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AHCPR Health Technology Reviews. Rockville (MD): Agency for Health Care Policy and Research (US); 1992-1995.

  • This publication is provided for historical reference only and the information may be out of date.

This publication is provided for historical reference only and the information may be out of date.

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AHCPR Health Technology Reviews.

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6Intradialytic Parenteral Nutrition for Hemodialysis Patients

, MD, PhD.

Published: August 1993.

Report

Most patients end-stage renal disease (ESRD) who are undergoing hemodialysis (HD) have intact and fully functional gastrointestinal systems. However, many of these patients become malnourished from inadequate intake of nutrients as the result of anorexia, frequent acute intercurrent illness, dietary restrictions, or nutrient losses into the dialysate.(2). Evidence such as the finding that serum albumin levels appear to inversely correlate with mortality in a large population of dialysis patients(2). suggests that poor nutrition may contribute to increasing the morbidity and mortality of HD patients.(3). In view of these indications, nutritional supplements, referred to as intradialytic parenteral nutrition (IDPN), have been administered intravenously during hemodialysis treatment in attempts to improve the nutritional status of these patients. The amount and composition of solutions administered during dialysis are adjusted according to the patient's estimated needs.

Background

Whether parenteral administration of nutrients during the course of dialysis improves nutritional status and is beneficial to ESRD patients has been debated for more than 20 years. Most studies described in the literature have failed to demonstrate consistent positive effects of IDPN or have lacked the information necessary for interpretation of the reported results.

Foulks et al(4). reviewed the date from eight studies(5-12). published from 1975 to 1987 that purported to evaluate the effects of providing either parenteral or oral nutritional supplements during the dialysis period as a treatment for malnutrition. Since the studies had many shortcomings, Foulks et al(4). were unable to conclude whether IDPN served any role in the nutritional management of HD patients. Most of the studies were of short duration, and patients were given both oral feedings and parenteral solutions of varying compositions. The number of subjects in each study ranged from 4 to 21, with half of the studies having fewer than 10 patients. The beneficial effects of IDPN as a treatment for malnourished HD patients were not clearly evident, especially since the investigators failed to indicate the means by which they assessed the nutritional status of their subjects and whether their patients were malnourished. In two of the studies(8,9). in which the patients had documented malnourishment, the number of patients with positive responses to IDPN was equal to the number who had no response or whose nutritional status continued to decline.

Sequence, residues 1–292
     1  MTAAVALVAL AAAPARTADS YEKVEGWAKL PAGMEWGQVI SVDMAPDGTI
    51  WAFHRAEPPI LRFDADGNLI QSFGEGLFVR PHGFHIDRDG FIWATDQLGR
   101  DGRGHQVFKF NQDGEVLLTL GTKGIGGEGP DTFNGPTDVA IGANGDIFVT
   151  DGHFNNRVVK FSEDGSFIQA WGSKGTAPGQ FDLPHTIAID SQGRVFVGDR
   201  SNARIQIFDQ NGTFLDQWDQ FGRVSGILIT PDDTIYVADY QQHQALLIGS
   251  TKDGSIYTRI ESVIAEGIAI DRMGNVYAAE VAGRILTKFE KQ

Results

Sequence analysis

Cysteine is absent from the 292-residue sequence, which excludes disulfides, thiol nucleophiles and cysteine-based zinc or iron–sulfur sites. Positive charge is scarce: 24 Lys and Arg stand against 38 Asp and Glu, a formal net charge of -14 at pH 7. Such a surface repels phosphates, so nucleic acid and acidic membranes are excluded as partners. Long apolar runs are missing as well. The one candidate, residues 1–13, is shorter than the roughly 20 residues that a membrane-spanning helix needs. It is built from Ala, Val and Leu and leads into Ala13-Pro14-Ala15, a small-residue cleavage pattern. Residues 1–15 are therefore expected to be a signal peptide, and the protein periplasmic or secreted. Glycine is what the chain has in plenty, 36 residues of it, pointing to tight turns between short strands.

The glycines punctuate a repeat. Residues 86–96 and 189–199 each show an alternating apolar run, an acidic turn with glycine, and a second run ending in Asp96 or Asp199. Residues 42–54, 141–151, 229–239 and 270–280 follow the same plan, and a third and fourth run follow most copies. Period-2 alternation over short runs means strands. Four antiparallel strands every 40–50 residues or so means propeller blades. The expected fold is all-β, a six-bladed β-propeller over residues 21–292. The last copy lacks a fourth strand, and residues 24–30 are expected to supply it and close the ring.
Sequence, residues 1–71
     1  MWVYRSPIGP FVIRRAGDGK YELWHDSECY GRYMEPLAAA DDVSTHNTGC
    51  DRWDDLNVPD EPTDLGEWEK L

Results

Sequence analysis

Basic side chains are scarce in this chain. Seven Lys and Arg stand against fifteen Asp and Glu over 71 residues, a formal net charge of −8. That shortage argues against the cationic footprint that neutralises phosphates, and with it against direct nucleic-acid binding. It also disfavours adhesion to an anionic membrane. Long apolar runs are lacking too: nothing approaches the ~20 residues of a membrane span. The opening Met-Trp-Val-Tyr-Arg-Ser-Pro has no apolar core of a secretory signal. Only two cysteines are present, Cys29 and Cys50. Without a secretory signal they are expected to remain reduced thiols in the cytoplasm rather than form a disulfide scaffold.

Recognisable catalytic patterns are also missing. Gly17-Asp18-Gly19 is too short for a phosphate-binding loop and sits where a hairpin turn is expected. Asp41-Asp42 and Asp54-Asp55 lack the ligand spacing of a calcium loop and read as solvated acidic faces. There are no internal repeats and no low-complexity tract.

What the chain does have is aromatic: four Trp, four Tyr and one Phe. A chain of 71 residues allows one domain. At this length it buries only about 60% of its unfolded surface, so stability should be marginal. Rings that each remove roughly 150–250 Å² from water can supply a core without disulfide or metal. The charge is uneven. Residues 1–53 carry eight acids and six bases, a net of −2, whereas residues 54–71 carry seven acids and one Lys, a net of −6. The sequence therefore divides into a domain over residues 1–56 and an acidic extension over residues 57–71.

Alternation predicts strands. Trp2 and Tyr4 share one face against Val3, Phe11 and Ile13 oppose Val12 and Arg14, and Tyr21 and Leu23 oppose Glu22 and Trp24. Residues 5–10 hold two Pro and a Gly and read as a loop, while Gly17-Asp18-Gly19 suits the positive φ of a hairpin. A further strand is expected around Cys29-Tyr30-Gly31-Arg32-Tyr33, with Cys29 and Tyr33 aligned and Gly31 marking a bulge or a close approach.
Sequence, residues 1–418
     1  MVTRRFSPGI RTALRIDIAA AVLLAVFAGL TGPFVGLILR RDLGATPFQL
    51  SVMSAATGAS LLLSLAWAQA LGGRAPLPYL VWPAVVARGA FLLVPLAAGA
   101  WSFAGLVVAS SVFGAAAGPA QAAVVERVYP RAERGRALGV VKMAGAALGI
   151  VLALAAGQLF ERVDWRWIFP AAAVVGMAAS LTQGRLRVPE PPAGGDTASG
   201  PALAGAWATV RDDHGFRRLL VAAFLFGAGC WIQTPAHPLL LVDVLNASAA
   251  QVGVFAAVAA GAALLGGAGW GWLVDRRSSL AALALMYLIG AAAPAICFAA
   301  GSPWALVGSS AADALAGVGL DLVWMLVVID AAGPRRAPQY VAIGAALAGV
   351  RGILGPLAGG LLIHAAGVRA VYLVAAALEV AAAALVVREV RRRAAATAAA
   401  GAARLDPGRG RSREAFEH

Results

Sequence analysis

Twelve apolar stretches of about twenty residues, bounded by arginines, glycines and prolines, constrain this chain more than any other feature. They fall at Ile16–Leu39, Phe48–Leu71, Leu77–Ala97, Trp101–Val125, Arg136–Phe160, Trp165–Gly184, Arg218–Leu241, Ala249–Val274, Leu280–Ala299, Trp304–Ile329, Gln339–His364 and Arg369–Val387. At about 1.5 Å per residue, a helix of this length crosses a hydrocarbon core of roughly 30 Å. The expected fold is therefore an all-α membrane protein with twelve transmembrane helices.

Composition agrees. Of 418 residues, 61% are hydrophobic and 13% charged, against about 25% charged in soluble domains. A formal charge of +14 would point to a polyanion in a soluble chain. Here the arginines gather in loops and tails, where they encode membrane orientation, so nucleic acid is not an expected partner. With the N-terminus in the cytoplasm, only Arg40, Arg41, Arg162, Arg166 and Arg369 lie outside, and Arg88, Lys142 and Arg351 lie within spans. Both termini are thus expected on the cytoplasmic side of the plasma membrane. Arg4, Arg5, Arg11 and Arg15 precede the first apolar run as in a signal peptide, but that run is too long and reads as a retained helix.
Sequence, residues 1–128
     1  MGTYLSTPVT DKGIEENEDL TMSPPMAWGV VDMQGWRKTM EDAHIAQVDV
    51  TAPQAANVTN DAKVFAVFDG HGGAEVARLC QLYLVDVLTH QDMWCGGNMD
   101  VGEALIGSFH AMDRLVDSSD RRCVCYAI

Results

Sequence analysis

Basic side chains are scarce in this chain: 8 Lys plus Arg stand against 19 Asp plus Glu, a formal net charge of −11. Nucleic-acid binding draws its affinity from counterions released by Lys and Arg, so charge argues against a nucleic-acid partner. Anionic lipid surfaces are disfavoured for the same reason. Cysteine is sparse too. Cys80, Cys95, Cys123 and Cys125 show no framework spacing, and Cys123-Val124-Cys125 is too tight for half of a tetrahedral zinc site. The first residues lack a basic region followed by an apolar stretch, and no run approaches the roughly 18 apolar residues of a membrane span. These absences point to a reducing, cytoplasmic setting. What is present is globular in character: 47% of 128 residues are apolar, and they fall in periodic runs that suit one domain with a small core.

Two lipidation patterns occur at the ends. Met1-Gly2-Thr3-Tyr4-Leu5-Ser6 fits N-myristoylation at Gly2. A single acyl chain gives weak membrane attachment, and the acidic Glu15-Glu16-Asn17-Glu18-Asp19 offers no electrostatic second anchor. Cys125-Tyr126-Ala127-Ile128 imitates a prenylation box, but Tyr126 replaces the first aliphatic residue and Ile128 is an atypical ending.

Discussion

Since the publication of Foulks and colleagues' review, additional studies of the effects of IDPN in HD patients have been reported.

Equivocal results were observed in two studies. Madigan et al(13). treated nine dialyzed diabetic patients with IDPN. After 2 months, three patients had gained weight, four had lost weight, and two had no changed in weight. Four patients had increased appetites and five had decreased appetites. In the second study, data available from five of nine patients(14). demonstrated no significant effect of IDPN on the serum chemistry values of these patients, but IDPN appeared to stimulate their appetites.